By Dave Smith
Lightweight down jackets are everywhere these days, and available in a mind-boggling array of designs and materials. In the end though, what many people will want is a simple and light jacket that fits well, is pretty warm and doesn’t cost the earth. Something that you can carry around in your pack for chilly lunch stops, use for belay sessions in autumn and winter and for security in winter conditions in the hills, and perhaps the odd Alpine trip in the summer. It's worth saying straight off that the Incredilite jacket from Cumulus fits the bill admirably, in fact I’ve been really struggling to find anything very much wrong with it.
Cumulus are pretty new on the UK market but are an established manufacturer of down equipment from Poland. Polish goose down is considered some of the best available and Cumulus use 850 fill power (European standard) down which is at the very top end of the range of down fill you can lay your hands on. The jacket is constructed with a light Pertex Quantum shell which allows the down to loft well and, like all the lightest jackets, is stitched through to contain the insulation. Unlike the trend for narrow down chambers the Incredilite’s are somewhat broader which allows the down room to loft fully. If you hold the jacket up to the light you can see the thinner areas at the stitch through points but there has been no sign of the filling shifting around and as the down is very lofty it does feel significantly thicker, and hence warmer, than some other jackets, especially given its light weight.
In terms of features, or lack of them, the rear hem is dropped so it doesn’t ride up to leave a cold area in the small of your back and there is a very roomy and well insulated hood which can fit over a bulky climbing helmet and be adjusted with a single drawcord at the rear. Elasticated cuffs and hem, zipped handwarmer pockets and a reasonably roomy zipped internal pocket and that’s about it. The front YKK zip has an anti-snag baffle behind it with a chin guard and it comes with a lightweight stuffsack. The whole package has a claimed weight of 295g in size medium and mine had a measured weight of 305 g. It packs down really nicely into the small stuffsack which could be easily hung off the back of your harness to be put on after you’ve led your pitch. The jacket is clearly aimed at the technical end of the market, rather than street fashion, and is described as slim fitting and to be worn as either an outer layer or as an intermediate layer and I’d say that’s an accurate description. A medium size fitted comfortably well on my slight 171 cm frame. In other brands I often taken a small so I’d recommend sizing up if you think you are borderline on sizes.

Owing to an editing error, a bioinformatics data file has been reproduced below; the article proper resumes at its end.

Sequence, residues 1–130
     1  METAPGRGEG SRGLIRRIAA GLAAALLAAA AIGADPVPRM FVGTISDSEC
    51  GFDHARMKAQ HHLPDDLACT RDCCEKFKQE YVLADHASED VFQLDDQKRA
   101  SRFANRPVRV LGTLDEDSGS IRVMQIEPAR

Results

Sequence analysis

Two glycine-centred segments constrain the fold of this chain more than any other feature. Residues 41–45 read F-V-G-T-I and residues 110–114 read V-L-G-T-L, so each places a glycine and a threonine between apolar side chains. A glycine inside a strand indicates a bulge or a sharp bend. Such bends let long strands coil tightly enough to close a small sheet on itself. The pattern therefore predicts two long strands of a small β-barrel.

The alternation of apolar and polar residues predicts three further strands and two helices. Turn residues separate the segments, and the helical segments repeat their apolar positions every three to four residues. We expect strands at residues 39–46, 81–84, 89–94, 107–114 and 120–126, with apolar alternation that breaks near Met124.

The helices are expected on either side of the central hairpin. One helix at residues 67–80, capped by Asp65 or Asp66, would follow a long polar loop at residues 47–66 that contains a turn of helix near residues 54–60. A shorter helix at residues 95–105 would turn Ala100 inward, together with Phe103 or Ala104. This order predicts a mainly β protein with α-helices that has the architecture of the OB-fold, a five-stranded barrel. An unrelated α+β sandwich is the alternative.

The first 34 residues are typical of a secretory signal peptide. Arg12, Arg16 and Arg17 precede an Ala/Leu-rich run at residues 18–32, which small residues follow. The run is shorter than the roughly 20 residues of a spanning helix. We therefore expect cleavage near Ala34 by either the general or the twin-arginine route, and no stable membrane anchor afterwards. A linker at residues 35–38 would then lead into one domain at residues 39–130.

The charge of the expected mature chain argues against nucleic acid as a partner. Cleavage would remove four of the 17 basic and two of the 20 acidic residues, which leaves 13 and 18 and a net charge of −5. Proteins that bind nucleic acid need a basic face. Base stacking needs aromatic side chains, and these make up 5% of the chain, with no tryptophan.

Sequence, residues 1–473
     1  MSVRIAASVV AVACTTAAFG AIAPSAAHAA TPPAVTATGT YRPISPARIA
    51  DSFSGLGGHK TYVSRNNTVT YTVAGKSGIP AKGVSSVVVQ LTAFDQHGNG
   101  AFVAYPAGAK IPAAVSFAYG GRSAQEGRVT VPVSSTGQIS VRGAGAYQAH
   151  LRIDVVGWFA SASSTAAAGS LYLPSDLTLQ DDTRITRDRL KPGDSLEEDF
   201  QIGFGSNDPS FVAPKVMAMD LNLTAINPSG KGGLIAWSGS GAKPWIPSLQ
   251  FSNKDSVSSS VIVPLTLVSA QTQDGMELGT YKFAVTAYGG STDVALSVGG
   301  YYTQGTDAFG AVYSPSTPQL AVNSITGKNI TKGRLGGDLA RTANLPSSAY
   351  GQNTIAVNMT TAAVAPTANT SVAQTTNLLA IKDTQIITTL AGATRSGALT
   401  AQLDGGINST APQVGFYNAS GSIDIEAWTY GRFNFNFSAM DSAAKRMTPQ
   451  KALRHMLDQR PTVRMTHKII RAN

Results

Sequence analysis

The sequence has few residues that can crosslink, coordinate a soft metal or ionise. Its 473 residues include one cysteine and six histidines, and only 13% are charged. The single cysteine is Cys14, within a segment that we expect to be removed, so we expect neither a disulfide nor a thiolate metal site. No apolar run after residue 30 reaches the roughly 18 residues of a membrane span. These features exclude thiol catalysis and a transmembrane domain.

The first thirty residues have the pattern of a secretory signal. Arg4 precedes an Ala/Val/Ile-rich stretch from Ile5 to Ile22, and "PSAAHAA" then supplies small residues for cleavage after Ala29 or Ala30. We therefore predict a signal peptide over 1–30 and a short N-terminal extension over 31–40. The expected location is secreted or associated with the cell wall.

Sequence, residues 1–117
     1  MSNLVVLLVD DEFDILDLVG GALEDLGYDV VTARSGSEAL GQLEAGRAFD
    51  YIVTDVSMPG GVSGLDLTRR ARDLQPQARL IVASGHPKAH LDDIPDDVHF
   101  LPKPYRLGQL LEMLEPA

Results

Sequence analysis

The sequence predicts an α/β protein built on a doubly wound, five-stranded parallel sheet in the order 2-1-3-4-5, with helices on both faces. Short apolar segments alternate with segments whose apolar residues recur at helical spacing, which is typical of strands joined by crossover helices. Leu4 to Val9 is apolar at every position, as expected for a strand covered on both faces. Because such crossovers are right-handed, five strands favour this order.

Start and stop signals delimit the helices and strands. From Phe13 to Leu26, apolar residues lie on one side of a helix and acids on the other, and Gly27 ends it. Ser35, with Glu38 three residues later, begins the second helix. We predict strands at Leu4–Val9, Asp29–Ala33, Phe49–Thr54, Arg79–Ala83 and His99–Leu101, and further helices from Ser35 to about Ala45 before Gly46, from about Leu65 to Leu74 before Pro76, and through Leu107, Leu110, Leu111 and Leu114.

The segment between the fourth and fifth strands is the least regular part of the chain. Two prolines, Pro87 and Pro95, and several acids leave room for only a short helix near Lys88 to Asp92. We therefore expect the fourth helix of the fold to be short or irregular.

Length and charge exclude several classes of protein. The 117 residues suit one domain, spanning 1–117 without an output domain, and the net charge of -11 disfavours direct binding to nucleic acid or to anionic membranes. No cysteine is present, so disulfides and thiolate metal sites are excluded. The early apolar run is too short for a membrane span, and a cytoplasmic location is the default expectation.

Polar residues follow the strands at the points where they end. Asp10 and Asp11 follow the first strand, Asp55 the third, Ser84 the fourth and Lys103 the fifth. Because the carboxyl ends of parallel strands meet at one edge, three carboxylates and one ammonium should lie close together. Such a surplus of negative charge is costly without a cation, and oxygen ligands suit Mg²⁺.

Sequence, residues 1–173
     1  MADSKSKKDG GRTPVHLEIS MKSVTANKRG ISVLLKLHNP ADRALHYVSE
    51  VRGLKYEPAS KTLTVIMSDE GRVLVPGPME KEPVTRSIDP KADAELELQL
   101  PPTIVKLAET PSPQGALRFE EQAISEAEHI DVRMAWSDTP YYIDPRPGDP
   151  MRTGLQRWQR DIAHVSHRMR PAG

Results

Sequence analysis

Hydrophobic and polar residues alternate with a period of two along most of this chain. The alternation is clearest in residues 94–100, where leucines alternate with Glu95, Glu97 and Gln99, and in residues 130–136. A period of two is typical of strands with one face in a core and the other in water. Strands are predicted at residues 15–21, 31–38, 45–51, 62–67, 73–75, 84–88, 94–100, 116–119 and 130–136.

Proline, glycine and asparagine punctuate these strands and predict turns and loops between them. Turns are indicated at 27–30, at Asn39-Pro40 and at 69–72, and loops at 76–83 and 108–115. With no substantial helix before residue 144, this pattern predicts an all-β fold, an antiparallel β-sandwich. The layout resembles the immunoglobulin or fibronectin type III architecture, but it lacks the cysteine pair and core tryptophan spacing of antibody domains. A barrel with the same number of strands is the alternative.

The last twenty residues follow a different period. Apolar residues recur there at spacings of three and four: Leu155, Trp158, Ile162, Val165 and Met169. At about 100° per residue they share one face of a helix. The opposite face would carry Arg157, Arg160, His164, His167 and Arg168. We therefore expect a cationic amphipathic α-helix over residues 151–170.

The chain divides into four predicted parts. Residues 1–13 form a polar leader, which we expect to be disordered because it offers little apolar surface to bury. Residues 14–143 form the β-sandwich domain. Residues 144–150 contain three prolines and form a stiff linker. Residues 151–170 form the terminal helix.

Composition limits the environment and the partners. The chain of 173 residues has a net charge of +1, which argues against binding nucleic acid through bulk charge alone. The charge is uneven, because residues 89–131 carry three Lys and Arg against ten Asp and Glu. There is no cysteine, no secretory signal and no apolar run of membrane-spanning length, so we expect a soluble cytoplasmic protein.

I used the jacket on a trip to Greenland in the summer, either as outerwear or as a layer underneath waterproofs on a sailing boat dodging icebergs in the freezing fog – there is nothing colder than being on night watch on a sailing boat in the Arctic. In either role it worked well, adding lots of warmth. In the early autumn I used it whilst belaying on chilly Scottish mountain classics and appreciated being able to get the hood over my helmet. Overall it just feels really comfortable, light, soft and warm to wear – as a down jacket should!
A lightweight jacket of this type does have its limitations. The outer fabric is relatively delicate and if you ended up doing your average UK winter climb in it, involving lots of thrutching around on rock, you’d need a roll of duct tape handy. The shell material is not properly water resistant, though it is DWR treated and as the down is not treated (hydrophobic) it will eventually get wet in prolonged rain. In practice though I’ve found a bit of light rain or snow doesn’t affect down jackets such as this too much.
I confess to having three down jackets already from what are probably the best known UK brands - all for different purposes mind – but I can see this becoming a favourite as its difficult to beat its combination of quality, warmth, weight and bulk.